The FMS TEL team participate in an annual study day on the Utilising Technology in Medical Education (UTME) module offered by the School of Medical Education.
The module aims to raise students’ awareness of how technology enhanced learning is currently used in health care education and gives students the opportunity to explore technologies and investigate theoretical underpinnings. Based on these aims we put together a 3 part presentation.
Part 1 – Tools for Student Interaction
Emily introduced a number of TEL tools including; Menti, vevox and padlet. Each tool was discussed; outlining its uses, pros and cons. Current examples of content designs, interactive activities and animations used throughout the faculty were shared.
Part 2 – Collaborating and Facilitating Group Work
Simon demonstrated how to use Microsoft 365 to co-author and co-edit documents, presentations and spreadsheets. Students were shown various features including; reviewing mode, version history and how to use Sharepoint to monitor breakout room activities.
Part 3 – Teaching Tools
Eleanor shared her experience of teaching with Zoom/Teams and tips on how to humanise online sessions. She discussed common barriers, such as awkwardness or long silences and strategies or tools to use as solutions.
FMS TEL will have a stand at the Learning and Teaching Conference 2023, and we’d love to see you on the day. Come and visit us in the lobby and see how we can help FMS colleagues. We will also have a booklet of some of our best case studies and guides to share.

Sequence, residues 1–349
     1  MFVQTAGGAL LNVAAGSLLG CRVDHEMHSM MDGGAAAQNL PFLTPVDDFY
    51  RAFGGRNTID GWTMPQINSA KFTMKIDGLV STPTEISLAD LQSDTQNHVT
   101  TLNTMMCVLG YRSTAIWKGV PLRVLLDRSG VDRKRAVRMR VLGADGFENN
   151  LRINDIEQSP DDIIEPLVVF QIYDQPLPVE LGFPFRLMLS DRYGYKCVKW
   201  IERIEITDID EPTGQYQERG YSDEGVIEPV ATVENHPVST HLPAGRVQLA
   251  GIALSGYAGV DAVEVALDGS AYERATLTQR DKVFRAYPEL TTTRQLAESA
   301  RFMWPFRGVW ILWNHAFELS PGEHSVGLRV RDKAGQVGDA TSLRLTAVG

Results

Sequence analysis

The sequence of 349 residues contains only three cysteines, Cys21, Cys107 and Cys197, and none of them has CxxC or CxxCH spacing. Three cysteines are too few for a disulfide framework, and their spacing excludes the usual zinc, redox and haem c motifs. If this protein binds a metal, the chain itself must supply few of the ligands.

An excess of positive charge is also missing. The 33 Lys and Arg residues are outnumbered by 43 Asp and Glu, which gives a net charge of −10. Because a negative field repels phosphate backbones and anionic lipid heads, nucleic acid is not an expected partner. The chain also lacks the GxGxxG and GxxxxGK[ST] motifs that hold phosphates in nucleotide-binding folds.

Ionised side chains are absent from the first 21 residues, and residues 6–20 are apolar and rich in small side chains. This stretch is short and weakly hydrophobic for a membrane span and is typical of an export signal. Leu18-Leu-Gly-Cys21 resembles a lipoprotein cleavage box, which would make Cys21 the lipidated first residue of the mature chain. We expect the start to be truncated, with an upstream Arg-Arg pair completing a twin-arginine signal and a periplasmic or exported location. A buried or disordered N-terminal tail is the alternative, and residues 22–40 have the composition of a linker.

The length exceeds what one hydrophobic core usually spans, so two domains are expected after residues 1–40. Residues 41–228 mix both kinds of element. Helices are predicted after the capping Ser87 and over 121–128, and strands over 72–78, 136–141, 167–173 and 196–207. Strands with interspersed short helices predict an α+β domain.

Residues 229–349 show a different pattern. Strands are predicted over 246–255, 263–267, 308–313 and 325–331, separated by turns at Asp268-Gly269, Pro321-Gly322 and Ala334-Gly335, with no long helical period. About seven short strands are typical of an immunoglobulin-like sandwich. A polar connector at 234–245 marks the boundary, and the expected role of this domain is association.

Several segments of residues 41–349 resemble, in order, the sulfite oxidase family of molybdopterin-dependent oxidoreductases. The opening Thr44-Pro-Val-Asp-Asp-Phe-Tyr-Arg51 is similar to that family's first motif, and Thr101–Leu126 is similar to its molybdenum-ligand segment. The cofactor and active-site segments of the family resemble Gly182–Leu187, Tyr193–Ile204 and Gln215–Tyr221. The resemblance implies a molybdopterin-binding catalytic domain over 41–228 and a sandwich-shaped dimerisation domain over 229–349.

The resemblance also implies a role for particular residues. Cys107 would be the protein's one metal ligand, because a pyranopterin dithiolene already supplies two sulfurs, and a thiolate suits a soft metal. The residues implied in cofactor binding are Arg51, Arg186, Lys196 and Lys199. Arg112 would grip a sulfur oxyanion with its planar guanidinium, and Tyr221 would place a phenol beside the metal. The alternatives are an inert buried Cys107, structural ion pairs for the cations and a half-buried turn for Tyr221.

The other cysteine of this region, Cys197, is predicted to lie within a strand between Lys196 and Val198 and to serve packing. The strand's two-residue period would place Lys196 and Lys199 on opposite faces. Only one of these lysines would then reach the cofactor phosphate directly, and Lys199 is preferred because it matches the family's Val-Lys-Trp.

If you have not already signed up to the Learning and Teaching Conference, you can do so on the conference website. Looking forward to seeing you there!
We were recently invited to present this blog, and our experiences running it at the Directors of Education forum. We have recorded this presentation as a video for anyone who may be interested in starting their own blog within their team.
The presentation covers:
Identifying needs and measuring impact
Things to consider before getting started
How to keep a blog running over a long period of time
I often copy and paste bits of text from one place to another, but don’t necessarily want the formatting that comes with the text. Just using Ctrl + V, or selecting ‘paste’ brings that formatting across. This means that text might look ‘odd’ when pasting it into another document, or something like a Canvas page.
Windows: Ctrl + Shift + V
Mac: Option + Shift + Command + V
This means you just keep the characters, meaning your pasted text looks the same as the rest. This works in lots of desktop applications.
To do this in Word, right-click and select ‘paste without formatting’ as below.
Introducing a new series – Taking Ctrl – a guide to keyboard shortcuts that can save you time!
Many of the tasks we do using the computer have a ready keyboard shortcut to speed up the task, though we might not always know what these are. We have asked the FMS TEL team to share their favourite keyboard shortcuts in this series. This is the team at their most geeky – enjoy, and see how much time you can save!
Our first keyboard shortcut is Windows key + E. This opens up your file explorer – much faster than looking for that icon.